The New Global Terrorism: Characteristics, Causes, Controls
Charles W. Kegley
Prentice Hall, 2003 - Political Science - 284 pages
This book comprehensively covers the debatable issues regarding the post-September 11th wave of terrorism, the multiple roots of this deadly new form of international violence, and the leading ideas being considered as means for the “war on global terrorism” to be won. Informed and informative interpretations, written by the world's most authoritative scholars especially for this book, present a balanced and accessible set of essays and chapters describing the new international terrain that has emerged in the wake of 9-11. A three-part organization breaks the subject of global terrorism into three categories of analysis, and demonstrates to readers that how terrorism is defined will shape the conclusions that are reached about its causes and remedies. For analyzing present and future acts of terrorism, creating awareness of the obstacles to accurately understanding it, and consideration of the strategies for containing the destructiveness of this deadly phenomena.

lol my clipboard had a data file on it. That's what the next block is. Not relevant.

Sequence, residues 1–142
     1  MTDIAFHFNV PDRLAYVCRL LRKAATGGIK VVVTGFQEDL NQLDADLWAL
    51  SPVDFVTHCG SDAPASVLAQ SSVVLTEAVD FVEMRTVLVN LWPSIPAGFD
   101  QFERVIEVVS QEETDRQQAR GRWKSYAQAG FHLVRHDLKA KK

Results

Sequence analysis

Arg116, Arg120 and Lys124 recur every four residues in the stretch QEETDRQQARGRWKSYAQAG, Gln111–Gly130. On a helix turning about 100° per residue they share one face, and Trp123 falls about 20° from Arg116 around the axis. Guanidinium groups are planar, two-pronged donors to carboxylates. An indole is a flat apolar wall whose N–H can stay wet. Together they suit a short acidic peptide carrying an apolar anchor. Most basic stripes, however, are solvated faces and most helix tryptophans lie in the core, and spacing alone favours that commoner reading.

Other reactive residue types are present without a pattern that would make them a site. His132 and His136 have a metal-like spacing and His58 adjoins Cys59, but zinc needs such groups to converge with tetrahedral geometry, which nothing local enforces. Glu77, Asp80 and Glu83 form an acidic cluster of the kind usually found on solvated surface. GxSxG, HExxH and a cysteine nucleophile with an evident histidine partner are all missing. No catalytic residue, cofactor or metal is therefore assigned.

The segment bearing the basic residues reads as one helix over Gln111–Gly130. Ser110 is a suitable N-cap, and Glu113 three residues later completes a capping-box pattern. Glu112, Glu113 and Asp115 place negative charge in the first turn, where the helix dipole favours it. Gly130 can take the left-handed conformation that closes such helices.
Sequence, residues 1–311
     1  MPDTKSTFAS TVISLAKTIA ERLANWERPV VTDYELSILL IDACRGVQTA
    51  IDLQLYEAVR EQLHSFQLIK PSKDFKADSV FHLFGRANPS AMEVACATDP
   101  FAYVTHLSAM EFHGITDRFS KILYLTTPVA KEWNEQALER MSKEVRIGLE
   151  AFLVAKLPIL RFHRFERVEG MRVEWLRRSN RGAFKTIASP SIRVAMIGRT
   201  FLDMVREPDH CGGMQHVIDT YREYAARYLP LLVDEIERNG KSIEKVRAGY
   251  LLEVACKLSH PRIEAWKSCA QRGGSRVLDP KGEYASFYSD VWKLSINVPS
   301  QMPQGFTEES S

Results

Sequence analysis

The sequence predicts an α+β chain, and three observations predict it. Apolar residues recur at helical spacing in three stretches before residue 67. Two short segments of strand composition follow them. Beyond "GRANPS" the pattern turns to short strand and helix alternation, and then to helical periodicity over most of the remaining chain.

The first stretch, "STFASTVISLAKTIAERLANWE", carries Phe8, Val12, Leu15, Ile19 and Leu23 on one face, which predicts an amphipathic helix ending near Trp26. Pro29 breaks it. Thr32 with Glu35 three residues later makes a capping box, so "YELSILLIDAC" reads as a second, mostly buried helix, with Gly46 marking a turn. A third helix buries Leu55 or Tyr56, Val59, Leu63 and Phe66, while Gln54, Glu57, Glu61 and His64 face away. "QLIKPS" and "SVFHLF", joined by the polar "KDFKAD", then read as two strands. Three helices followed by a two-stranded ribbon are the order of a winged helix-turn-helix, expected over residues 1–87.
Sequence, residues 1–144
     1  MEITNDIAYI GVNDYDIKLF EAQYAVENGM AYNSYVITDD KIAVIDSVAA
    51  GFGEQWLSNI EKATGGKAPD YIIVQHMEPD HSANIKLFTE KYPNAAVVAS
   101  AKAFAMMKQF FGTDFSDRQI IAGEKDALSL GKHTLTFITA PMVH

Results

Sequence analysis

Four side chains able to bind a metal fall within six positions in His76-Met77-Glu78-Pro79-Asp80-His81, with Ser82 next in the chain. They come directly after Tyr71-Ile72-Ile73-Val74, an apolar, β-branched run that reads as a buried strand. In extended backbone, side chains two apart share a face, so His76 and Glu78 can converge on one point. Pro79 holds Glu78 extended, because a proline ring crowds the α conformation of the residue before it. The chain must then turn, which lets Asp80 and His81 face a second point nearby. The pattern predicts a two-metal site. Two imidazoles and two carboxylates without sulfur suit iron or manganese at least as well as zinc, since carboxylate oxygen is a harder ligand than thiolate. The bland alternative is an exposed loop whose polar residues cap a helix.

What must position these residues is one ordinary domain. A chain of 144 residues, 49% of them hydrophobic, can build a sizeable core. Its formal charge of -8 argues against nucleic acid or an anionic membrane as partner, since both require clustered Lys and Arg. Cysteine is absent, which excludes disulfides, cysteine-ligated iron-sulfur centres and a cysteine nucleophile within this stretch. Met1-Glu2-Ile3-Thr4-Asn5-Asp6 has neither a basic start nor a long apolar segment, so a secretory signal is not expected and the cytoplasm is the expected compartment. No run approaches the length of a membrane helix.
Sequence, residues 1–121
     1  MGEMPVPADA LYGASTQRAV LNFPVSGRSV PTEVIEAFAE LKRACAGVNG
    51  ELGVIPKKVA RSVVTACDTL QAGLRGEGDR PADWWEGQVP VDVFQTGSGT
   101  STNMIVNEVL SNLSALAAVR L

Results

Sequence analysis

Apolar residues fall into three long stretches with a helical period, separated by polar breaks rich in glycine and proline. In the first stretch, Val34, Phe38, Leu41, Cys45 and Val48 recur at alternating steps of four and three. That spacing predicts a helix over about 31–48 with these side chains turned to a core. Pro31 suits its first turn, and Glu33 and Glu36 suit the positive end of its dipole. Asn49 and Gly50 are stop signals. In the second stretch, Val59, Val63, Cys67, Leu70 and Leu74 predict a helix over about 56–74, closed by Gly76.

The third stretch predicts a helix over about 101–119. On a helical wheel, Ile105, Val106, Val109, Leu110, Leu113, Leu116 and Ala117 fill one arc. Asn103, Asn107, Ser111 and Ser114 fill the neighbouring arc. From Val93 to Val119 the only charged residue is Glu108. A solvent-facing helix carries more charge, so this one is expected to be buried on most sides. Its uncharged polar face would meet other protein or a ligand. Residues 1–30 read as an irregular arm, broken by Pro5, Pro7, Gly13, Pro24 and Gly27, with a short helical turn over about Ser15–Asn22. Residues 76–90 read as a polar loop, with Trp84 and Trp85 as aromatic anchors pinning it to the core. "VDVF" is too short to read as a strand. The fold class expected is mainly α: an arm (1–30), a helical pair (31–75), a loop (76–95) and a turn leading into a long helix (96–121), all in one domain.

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The characteristics Causes and Controls i
The Changing Characteristics
Terrorism and Irregular Warfare
The Four Waves of Rebel Terror and September 11
Terrorism against the State
Is There a Good Terrorist?
The Evolving Strategies of Political Terrorism
The Causes of terrorism past and present
Why is America the Primary Target? Terrorism
Is the New Global Terrorism a Clash of Civilizations?
The Religious Roots of Contemporary Terrorism
The Roots of Muslim Rage
When It Occurs Why It Fails
The Control of the New Global Terrorism
Responding Morally to Global Terrorism
The Weakest Link in the War against
Why Modern Terrorism? Differentiating Types
Bringing International Law to Bear on the Control